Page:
Keep Huawei, ZTE out of national optic fibre grid, says C-DoT

Centre for Development of Telematics (C-DoT), the State-run research & development organisation, has told the Department of Telecom (DoT) to keep out Chinese vendors Huawei and ZTE from the Rs 20,000-crore National Optic Fibre Network (NOFN) project.

“Chinese companies like Huawei and ZTE are not allowed to compete for tenders in the US based on security risk. Their equipment is not being used in most telecom networks of advanced countries like US, Canada, Europe and Australia. It may be worthwhile to look into options of isolating such companies in NOFN roll-out tenders,” a letter from the C-DoT to the DoT Secretary stated.

Though the Chinese companies have repeatedly refuted allegations of security concerns, many agencies have raised this issue in different countries. Recently John Suffolk, Huawei’s Global security chief, told Business Line that the Chinese company was open to any scrutiny to dispel these concerns.

In-house GPON

The C-DoT has added that it has developed cutting-edge technology called Gigabit capable Passive Optical Network (GPON) which can be used for the optic fibre cable project. “In order to avoid any implementation roadblocks, usage of C-DoT GPON systems for the optical fibre project is the best option as suggested by the high level committee. In this option price discovery may not be an issue as already 7-8 manufacturers are fully geared up to manufacture and offer these systems to competitive bidding,” C-DoT said.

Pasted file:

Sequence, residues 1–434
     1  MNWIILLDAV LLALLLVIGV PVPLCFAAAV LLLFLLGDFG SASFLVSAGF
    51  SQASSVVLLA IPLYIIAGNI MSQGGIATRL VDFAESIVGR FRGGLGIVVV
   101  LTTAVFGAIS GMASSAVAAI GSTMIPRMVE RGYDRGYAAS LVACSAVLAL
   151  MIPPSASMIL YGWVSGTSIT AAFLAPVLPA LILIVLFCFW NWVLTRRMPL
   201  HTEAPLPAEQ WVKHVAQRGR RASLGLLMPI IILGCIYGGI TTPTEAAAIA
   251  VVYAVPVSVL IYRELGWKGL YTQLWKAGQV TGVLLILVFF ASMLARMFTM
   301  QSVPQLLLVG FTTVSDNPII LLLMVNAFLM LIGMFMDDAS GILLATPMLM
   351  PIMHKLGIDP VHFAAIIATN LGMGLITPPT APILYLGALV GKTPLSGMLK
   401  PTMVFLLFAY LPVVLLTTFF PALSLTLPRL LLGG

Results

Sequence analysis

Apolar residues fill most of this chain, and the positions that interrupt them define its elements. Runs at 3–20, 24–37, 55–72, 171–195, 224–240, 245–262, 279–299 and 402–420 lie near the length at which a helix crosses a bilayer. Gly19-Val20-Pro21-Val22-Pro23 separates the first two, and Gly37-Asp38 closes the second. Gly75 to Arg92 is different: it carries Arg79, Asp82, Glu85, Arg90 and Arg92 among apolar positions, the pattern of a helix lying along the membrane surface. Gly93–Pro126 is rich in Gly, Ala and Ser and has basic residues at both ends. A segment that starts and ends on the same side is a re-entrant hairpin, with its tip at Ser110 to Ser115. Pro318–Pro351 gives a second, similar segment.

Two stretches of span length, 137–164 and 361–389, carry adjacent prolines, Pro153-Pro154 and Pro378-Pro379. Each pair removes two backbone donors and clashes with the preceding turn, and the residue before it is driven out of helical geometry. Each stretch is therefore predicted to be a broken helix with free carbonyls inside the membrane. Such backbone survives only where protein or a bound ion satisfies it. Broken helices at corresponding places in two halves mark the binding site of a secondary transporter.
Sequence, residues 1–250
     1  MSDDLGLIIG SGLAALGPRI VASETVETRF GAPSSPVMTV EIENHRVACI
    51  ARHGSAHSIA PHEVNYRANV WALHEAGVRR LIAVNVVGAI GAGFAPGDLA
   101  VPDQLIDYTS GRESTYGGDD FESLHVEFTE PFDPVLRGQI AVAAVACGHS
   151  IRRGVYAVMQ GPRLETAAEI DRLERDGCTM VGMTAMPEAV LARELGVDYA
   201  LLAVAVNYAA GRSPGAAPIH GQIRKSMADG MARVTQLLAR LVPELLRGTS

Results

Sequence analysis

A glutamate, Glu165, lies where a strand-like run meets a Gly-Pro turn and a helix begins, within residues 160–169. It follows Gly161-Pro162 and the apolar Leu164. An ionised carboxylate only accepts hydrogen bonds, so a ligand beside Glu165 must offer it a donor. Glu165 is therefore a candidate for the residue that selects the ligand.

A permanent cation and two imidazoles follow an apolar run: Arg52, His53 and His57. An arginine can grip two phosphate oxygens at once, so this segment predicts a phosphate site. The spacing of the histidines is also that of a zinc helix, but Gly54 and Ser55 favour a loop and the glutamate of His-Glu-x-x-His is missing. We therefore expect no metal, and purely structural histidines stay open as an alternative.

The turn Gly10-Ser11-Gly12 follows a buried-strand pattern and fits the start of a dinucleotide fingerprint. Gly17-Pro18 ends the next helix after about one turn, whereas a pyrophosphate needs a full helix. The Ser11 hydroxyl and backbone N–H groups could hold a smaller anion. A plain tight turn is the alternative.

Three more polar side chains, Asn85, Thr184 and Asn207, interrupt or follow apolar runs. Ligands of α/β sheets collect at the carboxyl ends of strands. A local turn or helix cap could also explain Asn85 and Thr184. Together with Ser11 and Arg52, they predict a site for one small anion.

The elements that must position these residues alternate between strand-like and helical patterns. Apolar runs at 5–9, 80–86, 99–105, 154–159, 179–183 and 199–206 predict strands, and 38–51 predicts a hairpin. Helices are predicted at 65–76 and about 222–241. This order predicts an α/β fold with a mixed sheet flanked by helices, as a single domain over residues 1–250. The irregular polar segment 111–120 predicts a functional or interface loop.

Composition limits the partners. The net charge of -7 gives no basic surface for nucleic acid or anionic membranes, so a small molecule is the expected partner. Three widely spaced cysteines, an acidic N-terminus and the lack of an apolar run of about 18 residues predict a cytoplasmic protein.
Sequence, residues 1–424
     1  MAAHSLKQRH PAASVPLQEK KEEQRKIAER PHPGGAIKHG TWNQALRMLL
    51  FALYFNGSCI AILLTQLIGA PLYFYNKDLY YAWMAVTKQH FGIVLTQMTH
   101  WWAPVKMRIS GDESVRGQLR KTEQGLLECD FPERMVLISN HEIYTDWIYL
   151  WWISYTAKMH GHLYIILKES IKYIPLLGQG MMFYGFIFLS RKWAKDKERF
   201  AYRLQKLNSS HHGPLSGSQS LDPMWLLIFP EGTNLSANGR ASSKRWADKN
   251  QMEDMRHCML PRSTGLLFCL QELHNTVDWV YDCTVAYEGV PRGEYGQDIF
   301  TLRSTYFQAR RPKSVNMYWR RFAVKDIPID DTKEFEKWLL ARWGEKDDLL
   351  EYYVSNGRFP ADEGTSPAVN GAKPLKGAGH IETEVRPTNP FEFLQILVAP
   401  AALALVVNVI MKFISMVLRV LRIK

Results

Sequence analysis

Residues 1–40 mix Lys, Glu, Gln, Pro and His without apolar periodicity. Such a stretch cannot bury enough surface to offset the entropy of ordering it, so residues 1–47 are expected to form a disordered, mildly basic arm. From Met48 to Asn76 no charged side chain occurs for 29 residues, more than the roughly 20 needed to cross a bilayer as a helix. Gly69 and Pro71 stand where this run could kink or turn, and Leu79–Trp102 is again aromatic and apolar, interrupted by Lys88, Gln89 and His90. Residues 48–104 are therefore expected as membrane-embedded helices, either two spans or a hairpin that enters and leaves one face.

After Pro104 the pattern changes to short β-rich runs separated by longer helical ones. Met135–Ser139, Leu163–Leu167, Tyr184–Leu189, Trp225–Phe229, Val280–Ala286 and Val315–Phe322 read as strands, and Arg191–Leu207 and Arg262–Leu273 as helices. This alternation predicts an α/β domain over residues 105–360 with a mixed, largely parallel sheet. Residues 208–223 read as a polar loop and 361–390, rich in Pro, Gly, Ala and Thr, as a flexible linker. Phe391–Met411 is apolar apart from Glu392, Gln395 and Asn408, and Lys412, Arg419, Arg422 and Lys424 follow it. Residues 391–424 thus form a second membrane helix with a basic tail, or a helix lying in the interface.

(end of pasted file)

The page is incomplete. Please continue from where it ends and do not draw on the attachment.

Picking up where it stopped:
GPON technology is used for broadband connectivity over optical fibre. C-DOT has indigenously designed and developed GPON technology, which can be used to provide triple play (voice, video and data) through fibre-based networks.

The present GPON standards specify 2.5 gbps (gigabit per second) downstream and 1.25 gbps upstream data capability to customer premise.

Seeks POLICY change

C-DoT has sought changes in the notified manufacturing policy to give preferential access to indigenous products. It said that though the reservation for locally made products is good, Indian companies should not be asked to match the price being offered on imported goods.